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    I agree with Nightshift. I don't have all the facts, but I would not want to be that officer at this point. His actions will be judged harshly by some panel of administrators and/or civilians.

    Quote Originally Posted by Nightshift va View Post
    ...from what I saw with the "Hindsight" 20/20 factor the Officer's action's were more like a combatant during a frontline war fire fight where your mission is to eliminate the enemy versus our role...

  7. #7
    Barefoot Ninja SRT936's Avatar
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    Quote Originally Posted by Nightshift va View Post
    I agree far too many's hesitation has resulted in injury or death, however just from what I saw with the "Hindsight" 20/20 factor the Officer's action's were more like a combatant during a frontline war fire fight where your mission is to eliminate the enemy versus our role where "due" caution and care are a mandatory requirement in the way we affect an arrest dealing with american citizens versus muslim terrorist, The Officer felt the guy was a threat and was attempting to run down himself and his fellow officers however he should have never left cover to charge onto the hood of the suspects car endangering himself and resulting in his having to stop the thug from driving off while he was a hood ornament. That act of bravado was what the cause and effect was of the end result of him unloading on the driver and that is where unfortunately he will be judged and more than likely be at risk in termination or worse. It would have been one thing if he was attempting to extract the driver from the vehicle and the thug then attempted to drive off with him caught up in the door but to jump on the hood of a vehile that has already demonstrated an unwillingness to stop and drive towards patrol units etc hoping on the hood? Not good. I still work the streets and though I supervise Iam in no way an administrator type, and the last thing I do is undermine or judge against fellow brothers in blue in these type's of scenario's but the Officer's action's will be judged harshly i suspect. If there were more facts present other than that brief stream video such as the driver was knowingly armed etc..it may be different. I guess we will see. Bottomline is It will revert back to his general orders and approved training tactics and I doubt any felony stop of a vehilce involves jumping on the hood of suspect vehicles versus cover and comand using duty weapon's and verbal commands or with cover from other officers lighting up the car and doing an emergency extraction of the driver. If the guy was in Fallugah and the suspect was a suicide bomber or a terrorist I'd give him a medal for his actions but that wasn't the case as far as I know. I do know that if we reacted this way more often we definately wouldn't have as many vehicle pursuits.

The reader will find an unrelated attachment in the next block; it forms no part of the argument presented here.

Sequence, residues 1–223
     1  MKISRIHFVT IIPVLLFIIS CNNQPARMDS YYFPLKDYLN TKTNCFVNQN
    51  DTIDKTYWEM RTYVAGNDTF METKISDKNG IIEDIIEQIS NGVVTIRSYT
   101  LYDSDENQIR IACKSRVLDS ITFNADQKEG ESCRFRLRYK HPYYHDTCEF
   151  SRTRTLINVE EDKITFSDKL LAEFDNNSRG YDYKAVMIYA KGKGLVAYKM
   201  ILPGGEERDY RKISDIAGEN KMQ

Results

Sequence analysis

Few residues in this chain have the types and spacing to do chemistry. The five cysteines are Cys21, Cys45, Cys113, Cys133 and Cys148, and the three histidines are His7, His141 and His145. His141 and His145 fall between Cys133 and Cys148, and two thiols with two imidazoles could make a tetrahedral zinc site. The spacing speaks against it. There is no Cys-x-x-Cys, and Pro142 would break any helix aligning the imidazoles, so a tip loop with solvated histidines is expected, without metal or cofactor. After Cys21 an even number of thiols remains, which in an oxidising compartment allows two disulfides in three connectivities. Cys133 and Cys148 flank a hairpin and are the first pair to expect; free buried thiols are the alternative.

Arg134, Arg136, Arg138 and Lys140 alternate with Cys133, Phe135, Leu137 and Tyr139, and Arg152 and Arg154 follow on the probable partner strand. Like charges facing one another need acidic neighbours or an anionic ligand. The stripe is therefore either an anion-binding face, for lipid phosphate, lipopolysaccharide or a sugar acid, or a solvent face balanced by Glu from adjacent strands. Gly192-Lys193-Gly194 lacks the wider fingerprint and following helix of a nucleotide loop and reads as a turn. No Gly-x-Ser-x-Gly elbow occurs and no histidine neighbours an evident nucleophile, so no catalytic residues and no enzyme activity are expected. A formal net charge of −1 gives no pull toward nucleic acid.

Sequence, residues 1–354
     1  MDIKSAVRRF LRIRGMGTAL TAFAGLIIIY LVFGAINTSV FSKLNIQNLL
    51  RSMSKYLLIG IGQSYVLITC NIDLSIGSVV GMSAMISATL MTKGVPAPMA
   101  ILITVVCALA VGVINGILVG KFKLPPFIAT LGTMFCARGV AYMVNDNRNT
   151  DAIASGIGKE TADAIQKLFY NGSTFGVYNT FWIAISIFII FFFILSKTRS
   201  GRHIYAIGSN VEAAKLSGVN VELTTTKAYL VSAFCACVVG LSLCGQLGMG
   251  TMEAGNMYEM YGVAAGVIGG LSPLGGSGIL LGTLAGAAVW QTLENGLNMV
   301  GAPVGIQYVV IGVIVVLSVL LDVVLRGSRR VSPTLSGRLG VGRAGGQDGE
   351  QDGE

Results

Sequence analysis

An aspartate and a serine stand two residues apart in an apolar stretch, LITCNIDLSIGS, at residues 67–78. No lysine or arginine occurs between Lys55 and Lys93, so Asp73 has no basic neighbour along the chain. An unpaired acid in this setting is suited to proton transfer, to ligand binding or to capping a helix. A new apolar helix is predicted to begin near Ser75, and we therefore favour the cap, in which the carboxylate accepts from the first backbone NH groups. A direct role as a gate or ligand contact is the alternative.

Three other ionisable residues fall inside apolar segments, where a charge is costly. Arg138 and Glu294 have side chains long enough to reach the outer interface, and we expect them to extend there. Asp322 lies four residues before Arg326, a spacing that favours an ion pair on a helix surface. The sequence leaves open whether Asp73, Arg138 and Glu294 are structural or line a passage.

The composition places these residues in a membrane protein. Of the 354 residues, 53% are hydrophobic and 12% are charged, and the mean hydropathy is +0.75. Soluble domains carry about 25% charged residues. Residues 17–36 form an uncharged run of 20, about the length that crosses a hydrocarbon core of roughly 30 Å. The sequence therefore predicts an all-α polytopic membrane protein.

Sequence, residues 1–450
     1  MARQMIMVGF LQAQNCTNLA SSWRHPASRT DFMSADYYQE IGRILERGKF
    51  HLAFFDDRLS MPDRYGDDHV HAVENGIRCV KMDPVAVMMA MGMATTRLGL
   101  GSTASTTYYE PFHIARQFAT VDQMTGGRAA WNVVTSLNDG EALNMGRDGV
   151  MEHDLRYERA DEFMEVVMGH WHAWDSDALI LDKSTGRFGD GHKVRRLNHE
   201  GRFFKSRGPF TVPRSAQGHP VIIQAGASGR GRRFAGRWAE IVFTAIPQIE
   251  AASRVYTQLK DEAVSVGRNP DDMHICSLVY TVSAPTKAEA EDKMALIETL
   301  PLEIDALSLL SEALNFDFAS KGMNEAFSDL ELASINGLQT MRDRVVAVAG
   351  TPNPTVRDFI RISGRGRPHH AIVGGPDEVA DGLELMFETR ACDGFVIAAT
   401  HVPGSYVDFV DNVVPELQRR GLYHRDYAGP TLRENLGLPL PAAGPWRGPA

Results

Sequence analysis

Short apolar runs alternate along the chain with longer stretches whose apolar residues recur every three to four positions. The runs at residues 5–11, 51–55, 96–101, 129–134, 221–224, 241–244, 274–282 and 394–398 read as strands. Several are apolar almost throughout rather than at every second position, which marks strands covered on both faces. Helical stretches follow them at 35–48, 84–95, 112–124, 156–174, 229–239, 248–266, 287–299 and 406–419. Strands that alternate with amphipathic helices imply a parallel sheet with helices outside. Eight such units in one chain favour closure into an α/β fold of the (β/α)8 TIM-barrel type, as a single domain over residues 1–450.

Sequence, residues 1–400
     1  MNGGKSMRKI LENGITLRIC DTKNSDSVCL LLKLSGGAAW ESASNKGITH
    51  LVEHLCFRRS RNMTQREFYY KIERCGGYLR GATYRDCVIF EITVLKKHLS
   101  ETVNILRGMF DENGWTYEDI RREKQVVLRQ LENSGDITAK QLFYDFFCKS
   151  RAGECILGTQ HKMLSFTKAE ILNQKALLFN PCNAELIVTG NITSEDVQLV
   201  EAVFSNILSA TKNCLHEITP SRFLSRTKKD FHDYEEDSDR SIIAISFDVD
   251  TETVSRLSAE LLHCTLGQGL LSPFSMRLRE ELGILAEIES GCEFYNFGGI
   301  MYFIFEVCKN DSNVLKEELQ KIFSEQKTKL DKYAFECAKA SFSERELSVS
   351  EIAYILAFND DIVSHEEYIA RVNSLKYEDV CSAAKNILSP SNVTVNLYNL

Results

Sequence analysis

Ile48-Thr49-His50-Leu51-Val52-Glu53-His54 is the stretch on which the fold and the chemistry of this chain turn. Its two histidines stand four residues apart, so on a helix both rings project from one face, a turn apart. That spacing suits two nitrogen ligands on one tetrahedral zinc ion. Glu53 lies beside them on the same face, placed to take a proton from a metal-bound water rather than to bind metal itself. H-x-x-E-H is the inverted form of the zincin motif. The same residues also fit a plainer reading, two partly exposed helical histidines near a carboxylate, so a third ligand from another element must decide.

Frankly, I couldn't disagree more.

    We have a guy that has already rammed squad cars, been rammed by squads, has already been fired on by officers but continues to target those officers with his primary weapon, the car. This guy showed an utter disregard for human life (both the officers and the general public) that culmanated in him trying to run over an officer who was attempting the "cover and command" you're advocating. Instead of allowing this yahoo to escape and thereby continue to threaten the lives of the officers and general public, this sergeant did exactly what we are trained to do- take the fight to the bad guy.

    This guy had already demonstrated that he was willing to do anything, including trying to kill police officers, to escape. The cause and effect of this situation was the bad guy deciding to run from the police, deciding to attempt to kill police officers, and deciding not to surrender.